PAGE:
The dreamworld of the Dior spring-summer 2022 women’s ready-to-wear collection is nourished by curiosity, desire, and research. It is structured around a network of associations as Maria Grazia Chiuri explores Marc Bohan’s long tenure as Creative Director of Dior. More precisely, she highlights the Slim Look collection, presented in 1961 and described by the fashion press as follows: “It completely changes fashion, just as the New Look did in 1947.1”
Maria Grazia Chiuri thus revisits the early 1960s, etching out the contours of change and formulating a new lexicon for a world still reeling from the pandemic. Silhouettes also reveal cuts and graphic effects transposed in yellow, green, red, navy, orange, and raspberry, giving Bohan’s aesthetic a color block spin. These colors also symbolize the spatial geometries at the heart of games dreamt up by artist Anna Paparatti to question the rules of art and life. Inspired by her singular style, Maria Grazia Chiuri approached her to conceive the show’s scenography in an absurdist spirit reflecting the universe of her various works2.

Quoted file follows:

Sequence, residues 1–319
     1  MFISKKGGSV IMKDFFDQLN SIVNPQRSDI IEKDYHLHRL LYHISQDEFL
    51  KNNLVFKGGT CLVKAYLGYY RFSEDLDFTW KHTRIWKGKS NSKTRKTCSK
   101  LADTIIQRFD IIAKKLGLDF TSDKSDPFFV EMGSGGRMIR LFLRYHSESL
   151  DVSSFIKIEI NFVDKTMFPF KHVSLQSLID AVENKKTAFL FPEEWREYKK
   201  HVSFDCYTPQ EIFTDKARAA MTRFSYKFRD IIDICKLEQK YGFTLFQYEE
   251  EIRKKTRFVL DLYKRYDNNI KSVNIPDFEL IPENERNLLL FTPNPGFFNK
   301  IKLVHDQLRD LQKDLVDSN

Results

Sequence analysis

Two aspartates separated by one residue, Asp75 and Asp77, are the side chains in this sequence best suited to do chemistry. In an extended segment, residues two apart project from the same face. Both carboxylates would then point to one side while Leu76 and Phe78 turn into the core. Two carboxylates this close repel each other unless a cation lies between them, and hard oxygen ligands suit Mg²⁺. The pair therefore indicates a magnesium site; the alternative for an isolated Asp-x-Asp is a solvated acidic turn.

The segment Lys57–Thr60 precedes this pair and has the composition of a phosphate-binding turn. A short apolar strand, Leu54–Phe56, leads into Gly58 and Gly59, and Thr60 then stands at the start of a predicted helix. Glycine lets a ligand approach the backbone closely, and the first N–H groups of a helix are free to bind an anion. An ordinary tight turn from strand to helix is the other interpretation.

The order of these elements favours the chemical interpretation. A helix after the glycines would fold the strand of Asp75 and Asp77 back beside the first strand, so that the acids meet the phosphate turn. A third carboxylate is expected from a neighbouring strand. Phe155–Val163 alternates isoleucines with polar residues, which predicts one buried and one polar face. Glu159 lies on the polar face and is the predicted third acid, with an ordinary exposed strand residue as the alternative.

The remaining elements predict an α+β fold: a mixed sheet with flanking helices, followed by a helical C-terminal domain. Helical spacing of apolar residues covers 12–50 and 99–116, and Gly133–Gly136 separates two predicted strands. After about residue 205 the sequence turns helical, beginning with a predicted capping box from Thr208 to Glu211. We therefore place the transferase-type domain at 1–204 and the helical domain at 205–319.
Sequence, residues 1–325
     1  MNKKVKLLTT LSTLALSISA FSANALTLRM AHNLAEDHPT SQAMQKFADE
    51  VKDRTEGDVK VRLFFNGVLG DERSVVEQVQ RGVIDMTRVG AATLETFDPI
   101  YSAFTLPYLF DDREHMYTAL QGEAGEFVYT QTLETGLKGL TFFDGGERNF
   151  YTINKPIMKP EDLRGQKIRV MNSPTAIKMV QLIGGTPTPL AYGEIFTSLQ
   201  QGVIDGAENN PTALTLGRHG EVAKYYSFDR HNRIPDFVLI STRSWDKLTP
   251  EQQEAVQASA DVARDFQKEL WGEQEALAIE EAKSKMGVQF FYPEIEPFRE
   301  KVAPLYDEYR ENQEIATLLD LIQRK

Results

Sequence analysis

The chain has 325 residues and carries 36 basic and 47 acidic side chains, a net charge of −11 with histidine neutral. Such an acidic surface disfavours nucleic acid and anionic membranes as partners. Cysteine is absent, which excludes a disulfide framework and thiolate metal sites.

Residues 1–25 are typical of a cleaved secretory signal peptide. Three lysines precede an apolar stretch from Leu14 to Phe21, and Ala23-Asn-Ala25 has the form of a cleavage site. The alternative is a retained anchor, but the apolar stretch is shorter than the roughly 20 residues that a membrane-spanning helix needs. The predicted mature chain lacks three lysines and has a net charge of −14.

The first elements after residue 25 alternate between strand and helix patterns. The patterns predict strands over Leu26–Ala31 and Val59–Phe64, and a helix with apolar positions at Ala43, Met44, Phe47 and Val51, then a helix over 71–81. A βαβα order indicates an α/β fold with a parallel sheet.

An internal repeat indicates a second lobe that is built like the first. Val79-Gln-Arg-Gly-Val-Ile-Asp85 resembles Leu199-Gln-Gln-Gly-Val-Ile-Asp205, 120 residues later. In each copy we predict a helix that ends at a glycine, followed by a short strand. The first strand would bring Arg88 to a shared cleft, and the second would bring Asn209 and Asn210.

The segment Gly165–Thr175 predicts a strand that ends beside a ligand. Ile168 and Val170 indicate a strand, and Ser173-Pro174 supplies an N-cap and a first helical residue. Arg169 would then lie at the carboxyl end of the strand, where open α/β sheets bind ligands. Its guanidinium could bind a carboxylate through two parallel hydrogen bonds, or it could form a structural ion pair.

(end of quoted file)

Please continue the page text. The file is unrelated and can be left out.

Jackets reinvented with a boxy cut, refined coats, skirts, Bermudas, shorts, and dresses are combined in multiple ways in a series of contrasts. A selection of designs produced in 3D embroidery are enhanced by a textured visual effect. Materials such as scuba and nylon reinterpret volumes, revolutionizing the look of the woman who wears them. Silhouettes conceived to shine on the dancefloor evoke the legendary Roman nightclub, the Piper Club, a sprawling, colorful venue, and an emblem of freedom. A laboratory that experimented with the arts and fashion without prejudice, offering a unique sense of creativity – like Le Palace in Paris. A place where artists mingled with philosophers, muses, and actors, among others, in a completely new and unexpected setting, just like this collection, embodied by Anna Paparatti’s Il Gioco del Nonsense (The Game of Nonsense). Nonsense, as the American poet and literary critic Susan Stewart writes, is “perfect, pure, an untouched surface of meaning whose every gesture is reflexive.3”
1 Excerpt from L’Aurore, January 27th, 1961, quoted in the book Dior by Marc Bohan published by Editions Assouline, 2018.
2 Anna Paparatti drew inspiration from various creations themed around games, such as her work Il Gioco del Nonsense.
3 From Nonsense: Aspects of Intertextuality in Folklore and Literature, Johns Hopkins University Press, 1979.